ChatGPT isn't getting an upgrade anytime soon and I'm...relieved

Webpage of OpenAI's GPT-4 is seen on a smartphone. GPT-4 is a multimodal large language model created by OpenAI, the fourth in the GPT series, released on March 14.
(Image credit: Tada Images via Shutterstock)

ChatGPT and its AI chatbot variants have been evolving at a frankly scary rate, but it seems like the next big leap in brain power won't come along quite so quickly.

Speaking at an event at MIT, OpenAI’s CEO and co-founder Sam Altman confirmed that the company is not currently training GPT-5, which would be the successor to the recently released GPT-4 (which ChatGPT is based on).

The co-founder was asked about the recent open letter circulated by tech leaders that requested companies like OpenAI to pause the development of their AI systems that would be “more powerful than ChatGPT”. 

The letter addressed concerns about the safety of future systems but since its circulation has faced criticism, with people disagreeing about the nature of the proposed threat by AI and how industries would ‘pause’ production in the first place.

Altman said at the event that the letter missed a lot of nuance as to where they were supposed to pause, as well as addressing the claim that OpenAI was already working on GPT-5. The CEO said “We are not and won’t for some time”, adding that “in that sense, it was [the letter] was sort of silly.”

But, these don’t let OpenAI off the hook and imply that the team are sitting back and taking a break. Altman stressed at the event that “We are doing other things on top of GPT-4 that I think have all sorts of safety issues that are important to address that was totally left out of the letter,” he said, which suggests that the company is at least aware of the public safety concerns and looking to address them in some way.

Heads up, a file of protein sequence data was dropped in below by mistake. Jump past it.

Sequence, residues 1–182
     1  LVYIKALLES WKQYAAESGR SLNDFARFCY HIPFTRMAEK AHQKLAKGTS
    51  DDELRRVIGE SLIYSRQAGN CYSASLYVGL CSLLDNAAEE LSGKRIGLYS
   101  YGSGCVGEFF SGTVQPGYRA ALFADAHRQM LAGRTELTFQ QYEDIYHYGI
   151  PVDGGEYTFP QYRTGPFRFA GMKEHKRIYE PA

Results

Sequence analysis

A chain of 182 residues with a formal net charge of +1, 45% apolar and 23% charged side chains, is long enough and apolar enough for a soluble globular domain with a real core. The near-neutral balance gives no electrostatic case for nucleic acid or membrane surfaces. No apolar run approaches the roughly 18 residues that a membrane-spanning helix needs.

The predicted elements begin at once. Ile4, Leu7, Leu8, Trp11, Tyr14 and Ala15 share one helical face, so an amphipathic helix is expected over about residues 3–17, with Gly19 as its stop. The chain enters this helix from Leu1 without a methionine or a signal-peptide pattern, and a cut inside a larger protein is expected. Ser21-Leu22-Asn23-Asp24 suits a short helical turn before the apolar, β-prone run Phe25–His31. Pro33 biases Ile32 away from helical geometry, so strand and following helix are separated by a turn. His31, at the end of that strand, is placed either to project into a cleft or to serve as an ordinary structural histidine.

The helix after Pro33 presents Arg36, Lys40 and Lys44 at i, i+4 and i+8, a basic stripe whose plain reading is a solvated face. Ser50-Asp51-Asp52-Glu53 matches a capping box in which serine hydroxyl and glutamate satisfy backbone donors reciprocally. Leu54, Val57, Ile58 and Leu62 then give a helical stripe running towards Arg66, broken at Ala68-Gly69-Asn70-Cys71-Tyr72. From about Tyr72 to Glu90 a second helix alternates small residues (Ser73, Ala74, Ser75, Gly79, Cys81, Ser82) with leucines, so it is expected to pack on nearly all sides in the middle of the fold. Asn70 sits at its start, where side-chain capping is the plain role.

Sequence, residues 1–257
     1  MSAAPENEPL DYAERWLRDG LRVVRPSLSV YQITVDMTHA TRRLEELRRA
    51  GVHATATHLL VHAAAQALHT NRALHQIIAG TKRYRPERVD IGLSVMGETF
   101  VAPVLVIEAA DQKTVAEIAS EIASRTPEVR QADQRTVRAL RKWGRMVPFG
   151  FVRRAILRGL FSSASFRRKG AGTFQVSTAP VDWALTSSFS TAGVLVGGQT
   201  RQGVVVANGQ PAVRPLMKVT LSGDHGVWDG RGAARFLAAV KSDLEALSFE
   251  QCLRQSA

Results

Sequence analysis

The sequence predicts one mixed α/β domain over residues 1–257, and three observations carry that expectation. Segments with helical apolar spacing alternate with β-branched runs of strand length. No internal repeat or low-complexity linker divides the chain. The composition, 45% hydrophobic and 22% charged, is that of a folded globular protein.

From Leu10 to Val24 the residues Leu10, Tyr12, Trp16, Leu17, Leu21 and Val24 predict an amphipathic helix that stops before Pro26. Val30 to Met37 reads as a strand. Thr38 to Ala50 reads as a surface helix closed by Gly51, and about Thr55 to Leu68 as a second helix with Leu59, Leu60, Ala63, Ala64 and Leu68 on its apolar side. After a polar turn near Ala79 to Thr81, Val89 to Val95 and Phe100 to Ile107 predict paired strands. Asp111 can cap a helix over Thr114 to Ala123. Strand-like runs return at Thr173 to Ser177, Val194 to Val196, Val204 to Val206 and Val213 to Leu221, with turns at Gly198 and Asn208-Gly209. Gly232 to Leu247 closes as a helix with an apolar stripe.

Quiet Reflection 

Personally, I'm relieved to hear we won’t be seeing a new wave of impressive and somewhat spooky updates to the AI-powered chatbot just yet. There's no denying that ChatGPT is an excellent tool and has proven to be applicable across a wide range of industries and personal uses, but having a break before yet more major ‘updates’ might be a good thing.

Without a huge update on the horizon and a newly trained bot, we can take a bit more time to really understand the version we have, and reflect and redirect the way we interact with, and feel about, ChatGPT. It almost feels like a blur with how quickly it seems to have burrowed into our lives.

Hopefully, while AI companies like OpenAI develop further safety precautions we can expect to see are less frantic AI integration rollout amongst ChatGPT chatbots and let the dust settle, so we can all have a collective look at the technology we have all just been handed, and figure out not only how we feel about it, but how we plan to live with it. As it seems ChatGPT and other AI chatbots are not going away for a long time. 

Muskaan Saxena
Computing Staff Writer

Muskaan is TechRadar’s UK-based Computing writer. She has always been a passionate writer and has had her creative work published in several literary journals and magazines. Her debut into the writing world was a poem published in The Times of Zambia, on the subject of sunflowers and the insignificance of human existence in comparison. Growing up in Zambia, Muskaan was fascinated with technology, especially computers, and she's joined TechRadar to write about the latest GPUs, laptops and recently anything AI related. If you've got questions, moral concerns or just an interest in anything ChatGPT or general AI, you're in the right place. Muskaan also somehow managed to install a game on her work MacBook's Touch Bar, without the IT department finding out (yet).